I found the study below within the Wikipedia page for pvps. It seems to provide a legitimate potential explanation for something that gets quite a bit of attention on websites like this one. Many of us have already hypothesized what was likely going on and it would seem we were on the right path.
All and all, I found the study to be very interesting and rather thought provoking.
One thing that stuck out to me was that the speaker emphasizes that there is a LOT of variation in nervous system anatomy. In particular, the genitofemoral nerve that goes down through the spermatic cord travels through different tissue in different men.
It’s conceivable that the “disappointing climax” symptom (not to mention GF nerve damage many of us experienced) could be something where some men just have nerves that by bad luck happened to travel down the spermatic cord along the vas deferens rather than along a different structure.
So for 95% of men those nerves remain intact. But for the unlucky few, when you sever these nerves, you cut off not just sensation but also motor signal pathways to the epididymis – so when it should be contracting during ejaculation it is just sitting there paralyzed.
That was an interesting video. It pretty much echos or aligns with my thoughts on the structural abnormalities of the CNS being relevant to the OP, vasectomy pain, pvps, sexual side effects, etc.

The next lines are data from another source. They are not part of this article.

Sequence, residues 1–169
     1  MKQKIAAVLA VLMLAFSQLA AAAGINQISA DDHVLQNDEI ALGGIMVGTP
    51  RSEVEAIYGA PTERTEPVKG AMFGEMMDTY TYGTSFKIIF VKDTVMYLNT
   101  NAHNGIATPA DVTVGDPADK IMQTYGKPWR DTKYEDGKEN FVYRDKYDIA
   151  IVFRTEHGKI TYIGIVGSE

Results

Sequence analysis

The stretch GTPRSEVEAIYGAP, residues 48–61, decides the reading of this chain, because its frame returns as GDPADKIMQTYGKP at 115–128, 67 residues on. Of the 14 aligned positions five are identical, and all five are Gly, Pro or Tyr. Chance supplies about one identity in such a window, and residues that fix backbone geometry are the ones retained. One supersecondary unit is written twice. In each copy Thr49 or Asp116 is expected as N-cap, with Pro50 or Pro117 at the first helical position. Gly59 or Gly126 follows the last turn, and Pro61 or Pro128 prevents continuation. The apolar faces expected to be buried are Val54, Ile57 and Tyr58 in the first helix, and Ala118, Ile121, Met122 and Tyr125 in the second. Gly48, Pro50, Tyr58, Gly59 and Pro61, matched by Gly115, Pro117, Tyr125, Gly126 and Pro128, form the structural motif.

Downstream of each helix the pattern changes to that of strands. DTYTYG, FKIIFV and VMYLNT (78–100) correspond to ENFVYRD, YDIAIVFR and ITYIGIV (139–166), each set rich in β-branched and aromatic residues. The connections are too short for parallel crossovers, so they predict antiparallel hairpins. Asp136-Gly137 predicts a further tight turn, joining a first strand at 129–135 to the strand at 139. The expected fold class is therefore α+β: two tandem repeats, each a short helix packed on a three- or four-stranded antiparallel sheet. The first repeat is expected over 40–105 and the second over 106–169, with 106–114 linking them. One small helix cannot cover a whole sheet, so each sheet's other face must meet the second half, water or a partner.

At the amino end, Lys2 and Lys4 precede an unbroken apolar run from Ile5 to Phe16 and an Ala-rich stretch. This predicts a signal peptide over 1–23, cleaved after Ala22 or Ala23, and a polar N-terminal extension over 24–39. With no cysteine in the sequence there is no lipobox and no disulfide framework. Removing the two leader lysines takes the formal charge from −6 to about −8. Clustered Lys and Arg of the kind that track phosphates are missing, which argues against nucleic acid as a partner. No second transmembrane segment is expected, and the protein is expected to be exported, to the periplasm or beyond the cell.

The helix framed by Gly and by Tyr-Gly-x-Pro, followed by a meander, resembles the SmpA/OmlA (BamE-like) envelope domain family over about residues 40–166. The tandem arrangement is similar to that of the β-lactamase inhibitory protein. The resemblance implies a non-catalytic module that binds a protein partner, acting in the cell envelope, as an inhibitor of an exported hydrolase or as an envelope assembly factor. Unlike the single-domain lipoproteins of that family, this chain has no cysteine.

95% doesn’t sound right to me. Hard to say what the actual number is. If 95 % seem to be the lucky ones, I’m not thinking that means only 5% had some random nerve ends of high value cut, cauterized, etc, during the vasectomy procedure.
Don’t forget, the way the medical system comes up with numbers like that potential 5% is rather… for lack of better word - misleading. It’s easy to assume the medical system told us everything regarding where, when, at what point, etc, that potential number was considered fact or factoid. Are we talking about months later? Years later?
From the OP link
Quantitatively, the mean number of nerves per cross-section was about 1/2 of the number in spermatic cords; the total area of nerves resected on average during vasectomy amounted to nearly 50% of all nerves found near the vas in spermatic cords.
Let’s not forget that nerves regrow over time. Perhaps, maybe, etc - by the time the nerves of the vas deferens, etc, regrow to the point where things are capable of functioning again - it could be too late.
The link below is a legitimate potential explanation as to why many men experience some positive post reversal improvements regarding side effects, sensations, etc, over time - even if it’s already to late. Many of us are already aware that nerves regrow over time and that is relevant all over the board.
Let’s not forget about the study below that is relevant, related, complementary, etc, to some of the thoughts, conclusion, etc, of study in the OP.
Let’s not forget that vasal and/or epididimal blockage is said to be a leading potential reason as to why many reversals fail as well. I’m not going to provide a link as that information is available all over the place, including at good old Wakipedia.
Sort’v off topic but somewhat related…
Let’s not forget about a video that was posted not long ago that suggested a significant number of men supposedly had some scrotal pain relief post vasectomy. In other words, some men supposedly had some sort of persistent pain before the vasectomy, and a significant amount of them men supposedly don’t have that pre-existing pain condition afterwards.
I don’t recall at what point in time that was determined to be some sort of fact or factoid. We’re they suggesting months later? Years later? I don’t recall ATM, but I’d guess there is some more shady, hidden, etc, details involved.